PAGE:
When one of the British Embassy’s staffers struggled to find the Filipino word for “meeting,” the new ambassador chimed in and said, “pulong.” Then, at a recent reception, someone whispered after shaking the ambassador’s hand, “Sino siya?” The diplomat answered, leaving the female guest in shock: “Nakalimutan mo ako.”
The United Kingdom’s new ambassador to the Philippines, Asif Ahmad, has added Filipino to his foreign language portfolio, enriching a tongue that has gone around the world in his 14 years in the British foreign service.
Ahmad, who speaks Bengali, Urdu, Kutchi, Farsi and French in addition to his native English, made sure to learn more of the Philippine language than just “magandang umaga” (good morning) or “salamat po” (thank you)—obligatory greetings that other diplomats often sprinkle into their speeches and conversations with locals.
“I’ll tell you when I am best in [Filipino]: When someone sits down and says I’m not going to speak to you in English at all. And after about 10 minutes, I can switch off my other six languages and focus on Filipino and make myself understood,” Ahmad said in his first meeting with reporters on Wednesday.
“I’ll prove it to you one day,” said Ahmad, who also tweets in Filipino.
Ahmad, who was appointed Britain’s new mission chief in the Philippines in July in place of Stephen Lillie, trained under a Filipino-born language tutor in London before coming to Manila.
Enhancing foreign language training for British diplomats is part of British Foreign Minister William Hague’s program to revive a tradition half a century ago, when British diplomats spoke the mother tongue of their host nations, Ahmad said.
“There was a tradition 50 years ago … progressively, we started to lose that. And then, our budget for language training started to shrink and it was only then left for Chinese and Russian and a few other [languages],” he said.
“This foreign secretary (Hague) came up with a hugely ambitious project. He said that in any country where a language other than English is also spoken, at least half of our diplomats should also aspire to some proficiency in that language,” he said.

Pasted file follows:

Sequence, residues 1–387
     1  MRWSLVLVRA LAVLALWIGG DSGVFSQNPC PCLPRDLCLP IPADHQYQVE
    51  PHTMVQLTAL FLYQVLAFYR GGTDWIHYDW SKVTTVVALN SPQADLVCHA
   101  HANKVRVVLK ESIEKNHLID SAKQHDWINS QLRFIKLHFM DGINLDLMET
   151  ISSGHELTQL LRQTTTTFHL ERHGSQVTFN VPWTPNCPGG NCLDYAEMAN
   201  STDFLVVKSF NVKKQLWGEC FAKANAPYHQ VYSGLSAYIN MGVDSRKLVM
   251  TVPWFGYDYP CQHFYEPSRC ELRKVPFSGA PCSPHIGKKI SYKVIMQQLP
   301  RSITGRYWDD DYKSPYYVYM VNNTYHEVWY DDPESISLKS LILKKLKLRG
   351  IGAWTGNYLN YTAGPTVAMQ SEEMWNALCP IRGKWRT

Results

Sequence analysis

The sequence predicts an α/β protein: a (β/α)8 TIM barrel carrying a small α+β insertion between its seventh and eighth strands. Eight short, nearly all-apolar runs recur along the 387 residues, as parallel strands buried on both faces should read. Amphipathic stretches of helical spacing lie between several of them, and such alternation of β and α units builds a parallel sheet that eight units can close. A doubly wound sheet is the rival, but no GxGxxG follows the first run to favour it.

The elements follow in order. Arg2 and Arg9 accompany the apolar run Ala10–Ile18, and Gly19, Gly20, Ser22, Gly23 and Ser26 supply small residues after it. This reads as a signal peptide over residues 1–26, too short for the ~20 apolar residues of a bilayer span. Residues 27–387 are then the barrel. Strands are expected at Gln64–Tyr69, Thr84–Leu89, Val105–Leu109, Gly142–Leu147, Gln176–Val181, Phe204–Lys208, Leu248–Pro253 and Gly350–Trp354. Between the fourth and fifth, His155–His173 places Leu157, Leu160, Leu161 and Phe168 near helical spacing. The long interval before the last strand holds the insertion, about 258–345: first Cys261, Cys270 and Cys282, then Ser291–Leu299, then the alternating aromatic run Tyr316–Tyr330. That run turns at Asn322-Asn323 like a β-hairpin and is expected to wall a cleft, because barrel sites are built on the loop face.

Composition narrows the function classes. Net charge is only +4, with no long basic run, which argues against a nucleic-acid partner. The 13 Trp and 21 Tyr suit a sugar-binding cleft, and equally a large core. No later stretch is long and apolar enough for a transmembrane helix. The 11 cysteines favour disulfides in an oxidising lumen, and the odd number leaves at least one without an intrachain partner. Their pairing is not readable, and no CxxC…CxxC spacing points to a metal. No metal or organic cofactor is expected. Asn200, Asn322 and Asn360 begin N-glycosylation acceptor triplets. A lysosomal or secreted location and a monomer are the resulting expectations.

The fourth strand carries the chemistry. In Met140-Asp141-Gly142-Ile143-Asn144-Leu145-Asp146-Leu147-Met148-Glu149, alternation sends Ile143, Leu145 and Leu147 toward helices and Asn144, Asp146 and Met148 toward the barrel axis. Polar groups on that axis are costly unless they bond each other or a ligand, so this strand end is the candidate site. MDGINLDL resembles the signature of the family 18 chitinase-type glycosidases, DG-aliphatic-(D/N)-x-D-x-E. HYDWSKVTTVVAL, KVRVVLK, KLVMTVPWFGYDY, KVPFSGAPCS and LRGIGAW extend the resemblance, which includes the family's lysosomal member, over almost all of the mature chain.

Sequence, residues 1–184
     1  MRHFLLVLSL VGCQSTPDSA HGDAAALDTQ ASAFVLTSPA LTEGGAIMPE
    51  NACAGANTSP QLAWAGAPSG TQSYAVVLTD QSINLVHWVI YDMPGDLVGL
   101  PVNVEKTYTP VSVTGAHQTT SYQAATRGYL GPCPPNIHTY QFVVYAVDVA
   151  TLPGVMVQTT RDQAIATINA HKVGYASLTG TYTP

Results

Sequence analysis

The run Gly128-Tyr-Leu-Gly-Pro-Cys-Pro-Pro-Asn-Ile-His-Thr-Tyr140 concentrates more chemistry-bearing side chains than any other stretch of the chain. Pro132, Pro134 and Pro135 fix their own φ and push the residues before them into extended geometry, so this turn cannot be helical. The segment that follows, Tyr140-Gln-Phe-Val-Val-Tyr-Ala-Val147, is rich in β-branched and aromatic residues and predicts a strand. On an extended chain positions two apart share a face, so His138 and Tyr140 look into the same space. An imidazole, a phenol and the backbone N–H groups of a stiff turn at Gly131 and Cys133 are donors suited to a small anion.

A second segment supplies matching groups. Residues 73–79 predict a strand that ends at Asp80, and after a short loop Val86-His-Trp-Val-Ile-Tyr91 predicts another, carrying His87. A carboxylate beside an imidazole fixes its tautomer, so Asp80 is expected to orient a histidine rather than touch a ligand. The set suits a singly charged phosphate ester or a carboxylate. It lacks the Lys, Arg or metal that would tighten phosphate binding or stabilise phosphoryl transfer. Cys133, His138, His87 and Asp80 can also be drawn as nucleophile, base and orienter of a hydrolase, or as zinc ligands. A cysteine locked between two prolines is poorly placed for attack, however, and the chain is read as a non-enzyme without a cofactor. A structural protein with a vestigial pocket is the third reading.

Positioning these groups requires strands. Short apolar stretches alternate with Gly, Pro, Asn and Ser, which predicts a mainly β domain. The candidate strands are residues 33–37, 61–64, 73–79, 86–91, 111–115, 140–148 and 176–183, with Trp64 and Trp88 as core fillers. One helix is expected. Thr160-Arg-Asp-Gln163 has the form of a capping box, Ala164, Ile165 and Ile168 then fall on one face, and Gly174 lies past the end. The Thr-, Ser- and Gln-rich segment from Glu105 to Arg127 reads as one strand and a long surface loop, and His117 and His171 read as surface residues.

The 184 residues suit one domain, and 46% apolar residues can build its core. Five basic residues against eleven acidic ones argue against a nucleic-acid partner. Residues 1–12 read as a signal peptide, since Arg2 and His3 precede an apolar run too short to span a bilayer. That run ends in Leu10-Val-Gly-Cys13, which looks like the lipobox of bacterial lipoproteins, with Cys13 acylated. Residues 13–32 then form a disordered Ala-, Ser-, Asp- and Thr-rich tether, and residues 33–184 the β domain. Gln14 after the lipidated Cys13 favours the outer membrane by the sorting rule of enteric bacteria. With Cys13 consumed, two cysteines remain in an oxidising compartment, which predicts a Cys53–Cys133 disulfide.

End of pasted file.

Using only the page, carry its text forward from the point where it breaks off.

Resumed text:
For five months, Ahmad learned the complexities of the Filipino language, from grammar to pronunciation. It took a while for him to get the hang of it, comprehending more when spoken to but freezing when it was his turn to speak.
In time, Ahmad acquired the Filipino tongue, passing the British Foreign Service’s language proficiency test with a “confidence level” rating.
Dreaming in Filipino
It’s still the lowest in the three-tier grading system but, for perspective, the highest rating—the “extensive level”—means one could “dream in Filipino,” Ahmad joked.
In the test, which included recounting Philippine history strictly in Filipino, Ahmad got a nearly perfect score of 97 percent in comprehension, 64 percent in grammar, and “around the 80s” in oral proficiency.
It was the kind of training that he did not have the opportunity to get when he was assigned as ambassador to Thailand, his last foreign post, in 2010 when he replaced a diplomat who quit foreign service halfway through his term.
“I have to say, in all honesty, since I arrived in Manila, my (Filipino) has gone worse, not better. I’ll tell you why it has gone backward: Firstly, everyone speaks to me in English. [Secondly], when I start speaking in (Filipino) to my colleagues in the embassy, they all run away,” he said, laughing.
Ahmad has so learned Filipino that he has somewhat taken on the local habit of shifting from English to Filipino, at one time translating “on leave” as “naka-off.”
Ahmad showed his Filipino-speaking skills when he presented his credentials to President Aquino on Tuesday. He closed his speech with an entire paragraph in Filipino, which he had written, but tweaked by the embassy staff. He edited the final version and he found two mistakes even after his local staff’s review.
In his remarks before President Aquino, Ahmad expressed his wish for improved bilateral ties between the United Kingdom and the Philippines, citing the Philippines’ importance as a growing hub of operations for the British Foreign Service, using words that Filipinos rarely use, including “mapahusay” (improve), “lumalago” (growing), and “natatangi” (unique).
Ahmad showed the same zeal in speaking Filipino during a recent football game with local children whom he engaged in their own tongue, leaving the little ones amazed at the man whom they did not know was a diplomat.
On Twitter, Ahmad occasionally responds to tweets in Filipino.
With an excellent command of Filipino, Ahmad hopes to spur greater exchanges between the United Kingdom and the Philippines, particularly in trade, during his four-year term.
The United Kingdom remains the Philippines’ largest trading partner in Europe, with nearly $1 billion in annual trade.
Ahmad, a former bank executive who also spent 10 years as Asia director for UK Trade and Investment, said he aimed to further develop trade between his country and the Philippines.
And he emphasized that to on Tuesday: “The first railway network in the Philippines was British and today, the UK is the largest investor from the European Union here. There is even more potential for commercial links to grow.”
“Nais kong pagtibayin ang ugnayan ng ating dalawang bansa,” he said.
Originally posted at 08:59 pm |Wednesday, October 23, 2013